Investor Anxiety Seen Across Asset Classes After FOMC Minutes
On Wednesday, we are seeing the first real signs of investor anxiety since the beginning of the 2012 rally in risk assets. Across markets, there are indications of nervousness and caution after yesterday's FOMC minutes indicated that the Fed is in a holding pattern and more easing measures are not likely in the near-term.
In the wake of the 2008 financial implosion, the markets have become extremely sensitive to the various monetary machinations of the Federal Reserve. An argument could be made that the unprecedented intervention of the central bank has fundamentally distorted the entire investment process. Investors are clearly apprehensive about the prospect of the Fed turning off the money spigot, and this could trigger the next wave of volatility.
Recall that the deep sell-off last summer was triggered in large part by the end of QE2. A similar decline could be forthcoming if the markets become convinced that there will be no QE3. On Wednesday, this possibility is being priced into various asset classes.
At last check, the Dow Jones Industrial Average was hovering near session lows, nursing a loss of roughly 150 points and a breach of the 13,000 level appears to be a possibility. The S&P 500 has fallen nearly 17 points and broken through the key psychological 1,400 level. The hardest hit of the major averages has been the NASDAQ Composite, which was last down 1.75%.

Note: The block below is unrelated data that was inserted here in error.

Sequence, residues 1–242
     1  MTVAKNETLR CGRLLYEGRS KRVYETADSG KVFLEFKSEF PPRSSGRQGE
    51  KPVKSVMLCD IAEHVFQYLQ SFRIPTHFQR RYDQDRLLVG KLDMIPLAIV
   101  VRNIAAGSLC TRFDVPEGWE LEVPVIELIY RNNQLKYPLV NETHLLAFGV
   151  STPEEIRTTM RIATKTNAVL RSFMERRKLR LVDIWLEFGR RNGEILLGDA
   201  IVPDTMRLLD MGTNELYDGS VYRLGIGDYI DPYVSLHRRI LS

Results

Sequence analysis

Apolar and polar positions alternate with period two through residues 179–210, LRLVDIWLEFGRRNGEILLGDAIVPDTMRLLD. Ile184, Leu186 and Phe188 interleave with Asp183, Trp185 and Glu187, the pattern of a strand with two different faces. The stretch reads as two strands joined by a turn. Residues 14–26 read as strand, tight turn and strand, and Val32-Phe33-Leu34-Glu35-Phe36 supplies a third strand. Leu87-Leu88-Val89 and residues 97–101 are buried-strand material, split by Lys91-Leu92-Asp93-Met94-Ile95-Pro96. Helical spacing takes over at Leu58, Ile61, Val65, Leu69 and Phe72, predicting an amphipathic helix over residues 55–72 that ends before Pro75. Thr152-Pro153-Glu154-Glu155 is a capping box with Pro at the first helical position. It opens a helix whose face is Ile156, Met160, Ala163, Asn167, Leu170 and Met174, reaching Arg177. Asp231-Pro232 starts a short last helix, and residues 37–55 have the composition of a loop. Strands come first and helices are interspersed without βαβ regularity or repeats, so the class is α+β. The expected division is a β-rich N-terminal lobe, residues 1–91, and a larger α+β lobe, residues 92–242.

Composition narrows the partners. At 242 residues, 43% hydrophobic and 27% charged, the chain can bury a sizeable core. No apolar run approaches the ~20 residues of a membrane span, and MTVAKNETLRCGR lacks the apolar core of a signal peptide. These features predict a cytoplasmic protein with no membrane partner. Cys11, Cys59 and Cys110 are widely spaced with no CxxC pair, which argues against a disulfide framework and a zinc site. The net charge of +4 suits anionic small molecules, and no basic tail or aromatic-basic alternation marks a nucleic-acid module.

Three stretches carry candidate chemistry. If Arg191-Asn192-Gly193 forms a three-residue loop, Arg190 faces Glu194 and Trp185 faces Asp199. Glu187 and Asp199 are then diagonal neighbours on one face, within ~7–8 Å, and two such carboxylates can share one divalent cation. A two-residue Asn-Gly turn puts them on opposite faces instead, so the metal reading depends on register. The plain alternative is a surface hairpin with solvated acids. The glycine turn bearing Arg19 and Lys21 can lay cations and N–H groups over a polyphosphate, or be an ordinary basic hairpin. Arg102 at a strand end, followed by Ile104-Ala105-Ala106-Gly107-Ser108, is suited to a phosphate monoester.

The nervousness can also be seen in the Treasury market where buyers have snapped up U.S. debt across maturities. In particular, the yield on the 5-Year note has fallen sharply to 1.04%, a loss of 7.4 basis points on the day. Not surprisingly, commodities are getting hit hard as investors trim exposure.
The caution is also having an upward effect on the U.S. Dollar. At last check, Dollar Index futures were up 0.40% to $79.96. The losses in the commodity complex have been most pronounced in gold and silver. COMEX gold futures were down more than $53, or 3.20%, to $1,618.00. Silver futures have shed 6.31% and were last trading at $31.17.
The corresponding ETFs that track gold and silver, the SPDR Gold Trust (NYSE: GLD) and iShares Silver Trust (NYSE: SLV), have lost 1.73% and 4.27%, respectively. Crude oil is also reacting to the sell-off. NYMEX crude futures, the U.S. benchmark, have shed 2.40% to $101.51 while ICE Brent contracts were down 1.60% to $122.86. Copper futures, which are particularly sensitive to the outlook for the global economy, have also been trending lower throughout Wednesday's trading session. At last check, copper had fallen 3.15% to $3.80.
Given the persistence of the rally in risk assets in 2012, it might be a little premature for investors to hit the panic button in the wake of today's sell-off, but caution may be warranted. While the move lower could just be a shallow pullback, last August's market meltdown is likely still fresh in the minds of many. A repeat performance is not out of the question.
(c) 2013 Benzinga.com. Benzinga does not provide investment advice. All rights reserved.